The risks that attend our noble cause in Libya

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Map of Libya

Have we thought this through ? 
Shall we continue to have the blessing of the Arabs ?

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Boris Johnson, Mayor of London, puts these questions in his article in
The Daily Telegraph
yester-day (March 21, 2011).

The best we can say of this venture, he says, is that, for the time being, it seems the lesser of two evils, agreeing with American Secretary of State Hillary Clinton that we cannot sit idly by whilst “this lunatic” massacres his own people.  He even expresses pride in the way H.M. Government has handled the matter so far.

He points out that the Prime Minister has achieved much in securing a resolution of the United Nations Security Council authorizing the current action, something not forthcoming in respect of action in Kosovo and Serbia in 1999.

Yet he confesses to having emitted a “long, deep groan of apprehension” in response to the launching of the first Tomahawk cruise missile on Saturday evening.  Although bound by common humanity to help the people of Benghazi, we must – if we are to be successful in this mission – ensure we have learnt from the past and understand the risks.

Colonel Gaddafi
So what are the risks ?  The most obvious risk is failure [here Boris clearly sees the Allies’ objective as régime change] — at least not straight away — although he hopes Col. Gaddafi’s days are numbered and that he will wind up in Venezuela, “like other fallen socialists, as a consultant to the regime of Hugo Chávez”.

It is entirely possible that, having spent four decades oppressing the people of Libya, the colonel will retain his grip on Tripoli and most of the rest of the country.  We should plan for this outcome and ensure our not being dragged in to a brutal civil war.  Boris draws our attention to the limitations of flight-exclusion zones :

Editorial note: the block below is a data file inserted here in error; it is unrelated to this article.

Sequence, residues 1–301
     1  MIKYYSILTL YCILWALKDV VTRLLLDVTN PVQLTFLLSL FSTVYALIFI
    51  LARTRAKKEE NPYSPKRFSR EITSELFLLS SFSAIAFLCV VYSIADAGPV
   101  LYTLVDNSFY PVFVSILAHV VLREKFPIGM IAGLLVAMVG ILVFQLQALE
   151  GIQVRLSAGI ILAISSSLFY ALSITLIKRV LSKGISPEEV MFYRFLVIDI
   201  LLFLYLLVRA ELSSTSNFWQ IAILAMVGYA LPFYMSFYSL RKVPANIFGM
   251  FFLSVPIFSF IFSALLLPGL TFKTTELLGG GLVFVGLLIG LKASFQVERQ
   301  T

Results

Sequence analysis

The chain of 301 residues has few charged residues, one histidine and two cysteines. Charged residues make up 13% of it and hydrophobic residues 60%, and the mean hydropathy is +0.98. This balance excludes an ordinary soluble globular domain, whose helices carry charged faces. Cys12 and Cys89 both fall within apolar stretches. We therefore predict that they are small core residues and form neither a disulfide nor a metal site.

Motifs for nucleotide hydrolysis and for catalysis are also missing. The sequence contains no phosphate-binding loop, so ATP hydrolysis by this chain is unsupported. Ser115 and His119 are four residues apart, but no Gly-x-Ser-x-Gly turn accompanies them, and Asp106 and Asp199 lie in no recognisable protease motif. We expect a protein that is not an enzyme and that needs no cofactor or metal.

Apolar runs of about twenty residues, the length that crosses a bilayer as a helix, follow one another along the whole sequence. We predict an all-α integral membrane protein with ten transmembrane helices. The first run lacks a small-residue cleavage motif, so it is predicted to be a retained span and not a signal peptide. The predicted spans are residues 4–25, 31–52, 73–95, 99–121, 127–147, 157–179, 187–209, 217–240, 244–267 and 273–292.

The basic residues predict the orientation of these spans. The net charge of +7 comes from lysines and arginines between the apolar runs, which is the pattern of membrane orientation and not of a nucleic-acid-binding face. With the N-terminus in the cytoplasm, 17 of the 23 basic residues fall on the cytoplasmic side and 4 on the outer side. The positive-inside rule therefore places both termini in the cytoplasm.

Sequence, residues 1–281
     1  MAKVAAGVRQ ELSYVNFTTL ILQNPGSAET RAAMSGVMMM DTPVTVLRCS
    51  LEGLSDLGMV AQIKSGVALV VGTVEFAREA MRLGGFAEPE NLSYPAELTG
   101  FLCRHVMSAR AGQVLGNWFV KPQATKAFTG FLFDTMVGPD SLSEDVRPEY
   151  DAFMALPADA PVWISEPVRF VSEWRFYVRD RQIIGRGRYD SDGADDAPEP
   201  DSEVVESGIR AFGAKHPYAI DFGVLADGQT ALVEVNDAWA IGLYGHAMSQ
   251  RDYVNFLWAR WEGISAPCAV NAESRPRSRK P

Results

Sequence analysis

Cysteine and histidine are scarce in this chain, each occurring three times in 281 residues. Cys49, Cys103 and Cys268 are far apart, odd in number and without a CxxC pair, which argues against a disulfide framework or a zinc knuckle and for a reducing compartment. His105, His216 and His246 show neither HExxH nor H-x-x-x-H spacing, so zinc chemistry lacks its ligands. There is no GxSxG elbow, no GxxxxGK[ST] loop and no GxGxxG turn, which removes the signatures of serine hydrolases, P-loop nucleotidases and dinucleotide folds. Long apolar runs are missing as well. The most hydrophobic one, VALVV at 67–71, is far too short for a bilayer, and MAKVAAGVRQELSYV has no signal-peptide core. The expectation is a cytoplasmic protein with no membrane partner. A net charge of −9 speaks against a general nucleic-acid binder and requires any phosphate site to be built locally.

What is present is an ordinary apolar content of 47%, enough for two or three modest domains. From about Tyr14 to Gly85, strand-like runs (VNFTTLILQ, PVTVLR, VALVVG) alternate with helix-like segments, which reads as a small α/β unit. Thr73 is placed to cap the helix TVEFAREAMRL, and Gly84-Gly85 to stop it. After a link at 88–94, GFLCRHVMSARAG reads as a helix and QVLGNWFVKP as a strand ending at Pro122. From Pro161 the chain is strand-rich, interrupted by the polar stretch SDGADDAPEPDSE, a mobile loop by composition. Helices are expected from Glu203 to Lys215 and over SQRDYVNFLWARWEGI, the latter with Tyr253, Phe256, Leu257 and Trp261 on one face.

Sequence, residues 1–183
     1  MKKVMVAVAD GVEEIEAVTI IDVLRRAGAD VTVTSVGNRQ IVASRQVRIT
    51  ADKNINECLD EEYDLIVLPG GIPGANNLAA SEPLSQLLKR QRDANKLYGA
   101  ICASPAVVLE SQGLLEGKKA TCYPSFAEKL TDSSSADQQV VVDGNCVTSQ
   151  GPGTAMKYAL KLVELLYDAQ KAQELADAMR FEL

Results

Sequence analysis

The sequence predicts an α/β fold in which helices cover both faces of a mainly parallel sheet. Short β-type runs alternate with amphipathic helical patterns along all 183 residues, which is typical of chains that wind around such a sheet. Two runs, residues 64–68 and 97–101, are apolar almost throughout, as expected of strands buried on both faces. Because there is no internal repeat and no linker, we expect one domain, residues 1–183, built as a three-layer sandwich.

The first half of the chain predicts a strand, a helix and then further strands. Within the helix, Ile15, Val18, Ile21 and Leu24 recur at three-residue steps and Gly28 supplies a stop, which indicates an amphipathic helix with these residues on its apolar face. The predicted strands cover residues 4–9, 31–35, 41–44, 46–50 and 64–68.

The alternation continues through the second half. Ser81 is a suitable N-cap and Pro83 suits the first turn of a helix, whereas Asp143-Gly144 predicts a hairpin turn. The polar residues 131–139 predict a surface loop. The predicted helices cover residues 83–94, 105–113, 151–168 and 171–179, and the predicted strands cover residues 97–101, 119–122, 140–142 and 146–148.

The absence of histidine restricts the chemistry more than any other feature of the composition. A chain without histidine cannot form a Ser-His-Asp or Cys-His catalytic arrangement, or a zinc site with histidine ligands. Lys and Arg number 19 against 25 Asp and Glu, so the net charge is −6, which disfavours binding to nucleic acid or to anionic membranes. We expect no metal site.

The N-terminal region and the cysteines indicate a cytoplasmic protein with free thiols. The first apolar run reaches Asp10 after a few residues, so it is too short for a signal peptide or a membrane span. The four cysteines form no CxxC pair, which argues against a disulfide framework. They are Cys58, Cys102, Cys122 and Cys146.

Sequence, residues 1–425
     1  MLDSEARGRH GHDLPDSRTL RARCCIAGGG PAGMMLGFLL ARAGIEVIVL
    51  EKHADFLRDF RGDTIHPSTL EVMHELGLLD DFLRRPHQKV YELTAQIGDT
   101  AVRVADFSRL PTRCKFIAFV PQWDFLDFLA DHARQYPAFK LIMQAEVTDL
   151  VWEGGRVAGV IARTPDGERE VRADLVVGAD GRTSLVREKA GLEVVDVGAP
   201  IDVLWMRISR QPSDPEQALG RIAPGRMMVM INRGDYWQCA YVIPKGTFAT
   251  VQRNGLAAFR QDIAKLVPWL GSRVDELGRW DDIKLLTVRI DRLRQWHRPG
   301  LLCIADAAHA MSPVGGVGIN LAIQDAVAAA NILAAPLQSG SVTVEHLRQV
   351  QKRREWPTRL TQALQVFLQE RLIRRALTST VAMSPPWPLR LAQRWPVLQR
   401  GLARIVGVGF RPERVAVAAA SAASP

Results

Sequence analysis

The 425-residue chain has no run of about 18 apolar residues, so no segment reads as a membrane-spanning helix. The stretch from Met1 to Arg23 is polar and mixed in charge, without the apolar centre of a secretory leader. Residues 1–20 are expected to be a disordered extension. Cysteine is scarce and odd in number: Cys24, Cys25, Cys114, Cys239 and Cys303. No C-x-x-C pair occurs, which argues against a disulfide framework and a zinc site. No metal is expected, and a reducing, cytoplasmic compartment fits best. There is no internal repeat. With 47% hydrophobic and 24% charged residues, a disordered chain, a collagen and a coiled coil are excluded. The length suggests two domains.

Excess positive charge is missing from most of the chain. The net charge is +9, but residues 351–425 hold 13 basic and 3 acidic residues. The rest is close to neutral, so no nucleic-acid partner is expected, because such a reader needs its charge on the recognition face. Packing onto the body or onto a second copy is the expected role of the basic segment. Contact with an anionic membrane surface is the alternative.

“They don’t, as a rule, lead to régime change on the ground – and yet it would surely be insane, given the state of the public finances, and given our existing military commitments in Iraq and Afghanistan, for us to open a new front in [North Africa] by sending in ground troops.”

Not only would it be insane, he continues :  it would be illegal under the terms of U.N.S.C. resolution 1973 ;  and President Obama has ruled out the use of ground forces.  Our hope of toppling Col. Gaddafi, therefore, rests upon the effectiveness of the flight-exclusion zone alone.

Even were the rebels to succeed in the conflict, what kind of governance might we expect after decades in which political parties have been banned  To take the example of Egypt —

“The Facebook revolutionaries have got rid of Hosni Mubarak, widely seen as the front man for the generals ;  and they have installed – er – the generals !”

The two best organized forces in that part of the World are the military and the Islamists ;  moreover, elections there have not generally produced outcomes favourable to Western interests.

Boris goes on to plead that we not repeat the mistakes made in Iraq ;  that we not gloat over the crushing of Col. Gaddafi’s forces ;  that we not offer him or any-one else the opportunity to portray our intervention as a ‘crusade’.  Not only was the war in Iraq a disaster for the tens of thousands it has left dead ;  it empowered the poisonous rhetoric of Islamists around the globe.

In an ideal World the coalition would consist largely of Arab forces — commanded by a Muslim, not by “some American, his bulging bosom bedecked with medals earned in Iraq and Afghanistan”.